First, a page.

the damned poem

I was standing in the library parking lot when I heard the news, that Gunter Grass had written a poem about Israel, a poem people were saying was anti-Semitic. It’s funny, because by coincidence, I was there to pick up a book to read over Passover, Crabwalk, by Gunter Grass. Without going into the library, I got back in the car and went back home.

Who am I? I’m nobody. Not an academic and not a politician, just a writer at the start of her career, a writer whose parents are Holocaust survivors, a writer who turns those stories into fiction, a writer who finds inspiration and solace in the work of the great Gunter Grass, and in knowing that some Germans were sorry, terribly sorry, for what they’d done to my family, or rather, to the tattered shreds of what was left of my family after the war.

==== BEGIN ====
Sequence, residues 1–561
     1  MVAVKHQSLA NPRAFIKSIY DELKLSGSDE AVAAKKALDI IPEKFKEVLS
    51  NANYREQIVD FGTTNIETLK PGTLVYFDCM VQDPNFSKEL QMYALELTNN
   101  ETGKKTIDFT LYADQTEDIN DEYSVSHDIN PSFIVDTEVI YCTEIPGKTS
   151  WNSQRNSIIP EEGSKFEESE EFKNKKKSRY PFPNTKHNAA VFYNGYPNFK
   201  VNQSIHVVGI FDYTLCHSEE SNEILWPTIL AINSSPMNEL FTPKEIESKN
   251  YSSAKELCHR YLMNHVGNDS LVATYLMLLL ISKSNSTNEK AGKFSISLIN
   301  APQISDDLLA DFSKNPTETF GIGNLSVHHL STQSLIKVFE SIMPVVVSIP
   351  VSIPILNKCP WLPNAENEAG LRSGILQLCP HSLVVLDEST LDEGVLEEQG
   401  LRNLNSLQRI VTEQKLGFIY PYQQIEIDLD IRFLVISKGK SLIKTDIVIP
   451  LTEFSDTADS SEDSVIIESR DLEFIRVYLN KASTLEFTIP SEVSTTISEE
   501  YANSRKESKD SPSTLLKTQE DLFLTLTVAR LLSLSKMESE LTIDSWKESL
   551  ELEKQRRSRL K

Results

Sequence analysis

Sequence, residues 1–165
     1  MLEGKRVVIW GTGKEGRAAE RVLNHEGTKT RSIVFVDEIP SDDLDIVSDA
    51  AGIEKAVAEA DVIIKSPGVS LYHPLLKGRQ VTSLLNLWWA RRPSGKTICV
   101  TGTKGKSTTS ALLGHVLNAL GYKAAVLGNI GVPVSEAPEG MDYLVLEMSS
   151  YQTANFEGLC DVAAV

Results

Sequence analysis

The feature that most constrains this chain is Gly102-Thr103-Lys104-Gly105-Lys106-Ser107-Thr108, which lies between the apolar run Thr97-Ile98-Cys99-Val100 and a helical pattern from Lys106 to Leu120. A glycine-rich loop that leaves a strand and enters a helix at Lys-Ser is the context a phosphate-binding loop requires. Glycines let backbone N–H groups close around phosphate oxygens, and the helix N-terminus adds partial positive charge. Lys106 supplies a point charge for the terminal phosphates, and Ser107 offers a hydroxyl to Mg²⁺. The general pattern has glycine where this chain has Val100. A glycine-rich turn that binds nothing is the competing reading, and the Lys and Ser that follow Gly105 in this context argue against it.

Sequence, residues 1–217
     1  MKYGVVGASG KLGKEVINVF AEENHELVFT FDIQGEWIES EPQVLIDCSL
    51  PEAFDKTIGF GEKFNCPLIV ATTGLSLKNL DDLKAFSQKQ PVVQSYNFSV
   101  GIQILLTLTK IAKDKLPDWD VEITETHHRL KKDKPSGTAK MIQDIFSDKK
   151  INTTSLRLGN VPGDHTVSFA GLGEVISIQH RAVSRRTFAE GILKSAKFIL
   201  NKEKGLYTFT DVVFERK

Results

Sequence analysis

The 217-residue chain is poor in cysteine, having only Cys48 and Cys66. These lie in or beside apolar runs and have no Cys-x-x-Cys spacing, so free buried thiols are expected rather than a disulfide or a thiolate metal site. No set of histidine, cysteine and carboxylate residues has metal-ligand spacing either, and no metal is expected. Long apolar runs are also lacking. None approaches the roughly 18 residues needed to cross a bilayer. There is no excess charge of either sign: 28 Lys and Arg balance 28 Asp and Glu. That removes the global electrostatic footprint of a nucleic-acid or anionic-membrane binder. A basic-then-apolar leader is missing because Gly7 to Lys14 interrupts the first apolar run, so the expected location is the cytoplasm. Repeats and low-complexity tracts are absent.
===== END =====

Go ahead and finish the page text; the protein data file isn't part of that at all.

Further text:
The Tin Drum, Dog Years, and Cat and Mouse are among the most powerful books I’ve ever read. My copy of Peeling the Onion makes its home on top of a stack of my works-in-progress, on the cover a picture of Mr. Grass smiling craftily at me from behind a haze of cigarette smoke. As a tribute, I’ve even based a fictional character on him; in my story The Messiah, a young SS private, ordered to execute a group of Jewish children, drops his gun and runs away.

So, I read the poem.

Did he use the wrong words?
Oh, yes.
Did he choose incendiary images?
He certainly did.
Is he an anti-Semite?
Absolutely not.
Does any of this, in any way, alter the fact that The Tin Drum stands as one of the greatest anti-war novels of all time, with stirring, voluptuous verse that wantonly crosses the borders of poetry, cinema, history and myth, with savage humor, searing images and soaring prose?
Not at all.

So, to all of us out there in the world who are maybe a little heartsick over all this sturm und drang, here is my suggestion. Forget the poem. Pull The Tin Drum off of your bookshelf. Dust it off. And read it again.